Update as of 1:00 a.m. EDT: The Taliban on Friday officially confirmed the death of its leader Mullah Omar, in a statement posted on its website. According to the statement, Omar died “as a result of an illness.”

“Despite the military might and intelligence tracking of America and all her allies, [Omar] continued to live in Afghanistan and in the previous fourteen years never for a single day did he leave Afghanistan to visit Pakistan or another country,” the Taliban said in the statement. “Some time ago he became ill which intensified in the last two weeks before he passed away from this world.” 

Mullah Akhtar Mansoor, a longtime deputy of Omar, will now be the Taliban’s new leader, Agence France-Presse reported, citing a different Pashto-language statement by the militant group.


Original story below:


The Taliban leadership in Afghanistan is “not aware” of a new round of peace talks -- originally scheduled to take place in Pakistan later this week -- with the Afghan government, the militant group said, in a statement released early Thursday. The statement, which appears to indicate either a schism within the ranks of the Taliban or a shift in the group’s stance, did not make any mention of reports of its leader Mullah Omar’s death.

“Media outlets are circulating reports that peace talks will take place very soon between the Islamic Emirate and the Kabul regime either in the country of China or Pakistan,” the Taliban said, in the statement. “The Islamic Emirate [Taliban] has handed all agency powers in this regard to its Political Office and they are not aware of any such process.”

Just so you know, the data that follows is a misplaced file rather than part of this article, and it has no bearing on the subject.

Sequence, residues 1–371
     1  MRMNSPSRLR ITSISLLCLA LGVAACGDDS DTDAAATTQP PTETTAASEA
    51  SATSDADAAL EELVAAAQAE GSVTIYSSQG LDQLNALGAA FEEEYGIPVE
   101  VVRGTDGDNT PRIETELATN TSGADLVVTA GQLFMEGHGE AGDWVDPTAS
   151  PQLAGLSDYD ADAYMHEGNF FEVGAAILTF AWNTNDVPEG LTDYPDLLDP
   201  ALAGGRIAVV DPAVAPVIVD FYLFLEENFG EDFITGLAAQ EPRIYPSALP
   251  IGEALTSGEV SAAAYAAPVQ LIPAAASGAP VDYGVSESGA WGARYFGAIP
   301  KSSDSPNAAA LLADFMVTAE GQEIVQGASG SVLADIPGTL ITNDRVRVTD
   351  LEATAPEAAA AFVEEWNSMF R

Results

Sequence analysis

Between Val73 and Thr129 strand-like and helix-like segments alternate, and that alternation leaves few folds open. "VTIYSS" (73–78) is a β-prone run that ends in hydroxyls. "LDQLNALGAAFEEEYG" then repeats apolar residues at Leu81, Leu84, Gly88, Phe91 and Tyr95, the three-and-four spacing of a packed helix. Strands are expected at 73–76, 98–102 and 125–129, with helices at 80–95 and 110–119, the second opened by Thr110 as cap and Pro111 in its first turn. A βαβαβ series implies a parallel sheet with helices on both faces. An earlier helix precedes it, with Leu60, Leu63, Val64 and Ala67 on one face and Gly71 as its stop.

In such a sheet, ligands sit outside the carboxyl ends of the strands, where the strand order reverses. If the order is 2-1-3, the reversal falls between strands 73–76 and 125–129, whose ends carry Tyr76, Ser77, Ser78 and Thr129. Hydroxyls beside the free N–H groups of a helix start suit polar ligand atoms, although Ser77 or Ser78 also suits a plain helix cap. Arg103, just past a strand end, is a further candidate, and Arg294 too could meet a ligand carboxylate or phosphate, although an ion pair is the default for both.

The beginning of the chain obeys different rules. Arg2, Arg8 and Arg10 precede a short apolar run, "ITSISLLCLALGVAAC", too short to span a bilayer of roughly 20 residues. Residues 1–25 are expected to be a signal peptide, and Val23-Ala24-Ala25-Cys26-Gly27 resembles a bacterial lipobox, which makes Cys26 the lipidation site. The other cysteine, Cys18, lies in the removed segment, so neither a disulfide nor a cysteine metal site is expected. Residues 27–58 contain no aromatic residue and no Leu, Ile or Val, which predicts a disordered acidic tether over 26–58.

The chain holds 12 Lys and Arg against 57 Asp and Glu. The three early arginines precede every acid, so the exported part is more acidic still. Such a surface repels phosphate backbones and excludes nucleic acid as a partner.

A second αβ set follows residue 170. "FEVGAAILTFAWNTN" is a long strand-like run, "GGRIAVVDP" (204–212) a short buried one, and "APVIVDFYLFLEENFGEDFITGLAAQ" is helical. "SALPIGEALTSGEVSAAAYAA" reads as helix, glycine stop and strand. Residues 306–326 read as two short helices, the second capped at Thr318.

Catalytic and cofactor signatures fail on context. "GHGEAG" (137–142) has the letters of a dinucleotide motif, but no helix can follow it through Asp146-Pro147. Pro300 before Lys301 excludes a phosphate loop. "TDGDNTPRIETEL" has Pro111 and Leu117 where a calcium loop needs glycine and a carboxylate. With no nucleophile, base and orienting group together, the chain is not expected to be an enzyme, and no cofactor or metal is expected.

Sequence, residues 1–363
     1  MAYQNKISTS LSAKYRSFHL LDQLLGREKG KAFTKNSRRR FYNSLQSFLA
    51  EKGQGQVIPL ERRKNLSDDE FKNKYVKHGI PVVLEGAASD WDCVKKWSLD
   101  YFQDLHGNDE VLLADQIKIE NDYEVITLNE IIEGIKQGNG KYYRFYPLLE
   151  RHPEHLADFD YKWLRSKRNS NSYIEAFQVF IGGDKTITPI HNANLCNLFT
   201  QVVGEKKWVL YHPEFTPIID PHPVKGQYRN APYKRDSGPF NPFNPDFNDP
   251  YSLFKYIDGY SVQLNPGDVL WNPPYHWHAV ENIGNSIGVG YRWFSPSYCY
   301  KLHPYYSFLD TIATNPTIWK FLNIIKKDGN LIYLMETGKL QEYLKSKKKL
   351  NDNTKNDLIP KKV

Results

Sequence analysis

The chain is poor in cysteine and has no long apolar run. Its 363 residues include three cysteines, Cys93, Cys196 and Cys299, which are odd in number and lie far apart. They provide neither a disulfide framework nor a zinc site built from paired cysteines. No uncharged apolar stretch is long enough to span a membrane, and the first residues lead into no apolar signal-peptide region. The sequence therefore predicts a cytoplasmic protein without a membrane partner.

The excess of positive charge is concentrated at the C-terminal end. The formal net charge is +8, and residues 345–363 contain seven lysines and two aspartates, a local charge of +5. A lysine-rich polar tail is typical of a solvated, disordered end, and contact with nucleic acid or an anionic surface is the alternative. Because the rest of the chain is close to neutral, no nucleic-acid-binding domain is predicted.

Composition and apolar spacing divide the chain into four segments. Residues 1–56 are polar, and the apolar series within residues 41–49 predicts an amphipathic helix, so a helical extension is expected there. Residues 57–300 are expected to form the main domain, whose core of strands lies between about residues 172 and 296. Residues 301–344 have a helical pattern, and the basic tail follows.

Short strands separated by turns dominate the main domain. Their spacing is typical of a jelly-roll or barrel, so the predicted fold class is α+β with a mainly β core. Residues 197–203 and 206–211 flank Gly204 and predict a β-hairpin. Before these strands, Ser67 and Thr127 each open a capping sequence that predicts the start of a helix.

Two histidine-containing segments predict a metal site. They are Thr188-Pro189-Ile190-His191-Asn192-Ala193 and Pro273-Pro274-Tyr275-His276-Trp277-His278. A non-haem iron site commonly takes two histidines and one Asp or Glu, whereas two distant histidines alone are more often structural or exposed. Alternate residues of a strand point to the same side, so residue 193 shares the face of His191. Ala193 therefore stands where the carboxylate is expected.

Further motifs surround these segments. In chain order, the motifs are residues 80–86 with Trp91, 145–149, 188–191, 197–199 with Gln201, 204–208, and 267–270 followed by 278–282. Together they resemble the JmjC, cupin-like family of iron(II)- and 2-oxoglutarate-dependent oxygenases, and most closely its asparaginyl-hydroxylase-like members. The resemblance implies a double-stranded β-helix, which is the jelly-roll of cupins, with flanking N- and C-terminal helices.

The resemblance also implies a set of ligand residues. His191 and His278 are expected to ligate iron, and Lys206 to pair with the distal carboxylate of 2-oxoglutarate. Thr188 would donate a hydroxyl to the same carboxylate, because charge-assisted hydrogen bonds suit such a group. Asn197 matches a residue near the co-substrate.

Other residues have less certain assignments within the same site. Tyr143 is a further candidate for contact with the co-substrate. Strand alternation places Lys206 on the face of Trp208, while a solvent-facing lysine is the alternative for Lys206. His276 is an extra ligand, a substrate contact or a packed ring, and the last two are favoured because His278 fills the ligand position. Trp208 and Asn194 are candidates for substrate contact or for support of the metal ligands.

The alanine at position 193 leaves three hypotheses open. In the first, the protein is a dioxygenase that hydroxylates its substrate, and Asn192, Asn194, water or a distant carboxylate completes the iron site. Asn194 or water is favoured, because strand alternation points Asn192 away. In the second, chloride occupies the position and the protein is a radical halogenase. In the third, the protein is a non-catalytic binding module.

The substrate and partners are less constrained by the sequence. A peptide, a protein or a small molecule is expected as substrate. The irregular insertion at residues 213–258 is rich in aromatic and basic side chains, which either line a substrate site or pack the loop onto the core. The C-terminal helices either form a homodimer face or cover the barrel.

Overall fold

Earlier this month, Pakistan mediated a meeting between the Taliban and members of the Afghan High Peace Council, in a step toward ending more than 13 years of violent conflict in Afghanistan, where the Taliban have been attempting to reassert control over the territories it lost when its government was toppled during a U.S.-led military intervention in 2001.The talks, which were suspended during the Islamic holy month of Ramadan, were to resume Friday.

Although it is not yet clear if the Taliban is now completely pulling out of the negotiations, the latest statement would definitely cast doubts over the credibility of the ongoing peace efforts in the region.

“The government of Afghanistan believes that grounds for the Afghan peace talks are more paved now than before, and thus calls on all armed opposition groups to seize the opportunity and join the peace process,” the Afghan government said Wednesday, after confirming that Omar -- hidden from public view since 2001 -- had died in Pakistan in April 2013. However, the circumstances of his death were not revealed and a Taliban spokesman initially rejected the reports.

Thursday’s statement comes just days after an Eid message, attributed to Omar, lent support to “legitimate” negotiations between the Taliban and the Ashraf Ghani-led Afghan government.